The enthusiasm for charity rating sites is untiring…among charity professionals.
Among the general public?
Meh. Not so much.
The main problem with charity rating sites is that they presume a particular relationship between donors and charities that is passing away, namely, the relationship of supporter to supported, where the assumption is that people would give more if they knew more.
Forget that this is a premise that was disproved by social marketing two decades ago (information, it turns out, does not drive behavioral change; instead, small behavior change drives larger behavior change). Instead, try to imagine anyone under the age of 35 getting excited about the charity rating system for which Dan Pallotta casts a vision in his HBR post, An iTunes for Choosing Charities:
Imagine this. You log onto Everycharity.org (or whatever it ends up being called). A website opens: Instead of looking like it was designed by PhD candidates in MIT’s accounting program, it’s as visually seductive and appealing as iTunes…
On the home page, there’s a giant heart where you type in the name of the charity you want to learn about… A video pops up with a great big “play” button. You click to watch the executive director of the charity talk for five minutes about the organization’s goals, the progress it’s making — or not making — toward those goals, and what information the organization uses to gauge whether it’s getting results.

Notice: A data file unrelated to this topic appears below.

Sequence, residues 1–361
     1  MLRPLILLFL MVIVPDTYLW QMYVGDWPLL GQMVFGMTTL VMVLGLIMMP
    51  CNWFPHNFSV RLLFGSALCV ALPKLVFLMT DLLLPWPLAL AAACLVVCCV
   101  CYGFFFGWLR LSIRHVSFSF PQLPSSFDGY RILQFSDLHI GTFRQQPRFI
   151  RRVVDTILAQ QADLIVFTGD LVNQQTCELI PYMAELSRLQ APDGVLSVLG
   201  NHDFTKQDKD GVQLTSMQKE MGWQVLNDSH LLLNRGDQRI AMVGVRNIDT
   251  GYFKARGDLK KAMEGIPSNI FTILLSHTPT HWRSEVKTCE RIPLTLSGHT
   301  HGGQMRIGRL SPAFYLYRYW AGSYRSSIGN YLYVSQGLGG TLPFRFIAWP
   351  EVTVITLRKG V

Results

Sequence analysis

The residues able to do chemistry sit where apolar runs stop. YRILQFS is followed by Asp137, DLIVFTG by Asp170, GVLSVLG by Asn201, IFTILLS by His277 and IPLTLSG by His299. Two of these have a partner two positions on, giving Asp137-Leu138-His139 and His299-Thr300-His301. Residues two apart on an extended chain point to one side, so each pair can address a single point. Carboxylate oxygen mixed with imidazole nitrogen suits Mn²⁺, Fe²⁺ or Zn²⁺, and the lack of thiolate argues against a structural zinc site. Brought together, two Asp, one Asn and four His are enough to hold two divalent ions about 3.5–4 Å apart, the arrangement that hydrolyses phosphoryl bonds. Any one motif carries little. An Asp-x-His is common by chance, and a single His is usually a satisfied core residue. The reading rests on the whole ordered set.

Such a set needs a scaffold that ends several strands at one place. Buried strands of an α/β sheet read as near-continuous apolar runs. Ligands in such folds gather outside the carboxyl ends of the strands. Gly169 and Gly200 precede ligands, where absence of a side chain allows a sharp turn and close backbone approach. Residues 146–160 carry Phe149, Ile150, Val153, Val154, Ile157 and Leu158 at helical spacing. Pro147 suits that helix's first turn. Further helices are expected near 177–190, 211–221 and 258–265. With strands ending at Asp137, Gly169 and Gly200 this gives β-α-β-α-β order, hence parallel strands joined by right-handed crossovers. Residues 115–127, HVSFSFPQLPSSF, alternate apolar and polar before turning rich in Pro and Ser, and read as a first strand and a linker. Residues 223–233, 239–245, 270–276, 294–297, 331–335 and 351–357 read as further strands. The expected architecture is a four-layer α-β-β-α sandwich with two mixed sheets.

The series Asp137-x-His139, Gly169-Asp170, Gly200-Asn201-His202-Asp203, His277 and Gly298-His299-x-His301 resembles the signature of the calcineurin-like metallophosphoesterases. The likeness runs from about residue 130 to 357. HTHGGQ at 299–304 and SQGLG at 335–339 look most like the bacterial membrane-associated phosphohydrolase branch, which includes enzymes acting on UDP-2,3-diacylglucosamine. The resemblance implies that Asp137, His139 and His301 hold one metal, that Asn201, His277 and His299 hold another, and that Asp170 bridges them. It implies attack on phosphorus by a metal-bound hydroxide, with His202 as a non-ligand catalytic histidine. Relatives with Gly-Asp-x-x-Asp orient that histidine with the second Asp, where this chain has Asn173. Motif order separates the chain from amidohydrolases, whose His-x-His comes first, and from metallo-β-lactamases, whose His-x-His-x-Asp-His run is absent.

Don’t feel like watching the video? Just click the button that says “Dreams,” and you’ll see information about the organization’s goal for the year and its goal for the next five years.
Watch the executive director talk for five minutes about his or her nonprofit? Read five years of someone else’s goals?
When was the last time you saw someone under 35 interested in doing that?
Now imagine someone under the age of 35 clicking to a site that leads with the following:
Forming a nonprofit organization is a powerful way to support a worthwhile cause. As a nonprofit entity, you are eligible to receive private and public grants and apply for tax-exempt status from the IRS. When you have applied for tax exempt status you can solicit tax-deductible donations, which is critical to fundraising.
- Preliminary name search to confirm organization name is available
- Preparation and filing of articles of incorporation
- Optional preparation of Tax ID
- Optional preparation of 501(c)3 application for tax exempt status
- More than 1 million satisfied customers
- Access to online status center
- World-class customer support
- FREE Sage Peachtree accounting software
- 100% satisfaction guarantee
No contest. Legalzoom.com wins by a mile. And until we understand that people (the group formally known as “donors”) are interested in their dreams (not our own), and until we can serve as a platform (not the main attraction) for their ability to impact the causes they love, we will forever mislead ourselves into thinking that an enhanced income stream is just a few positive charity reviews away.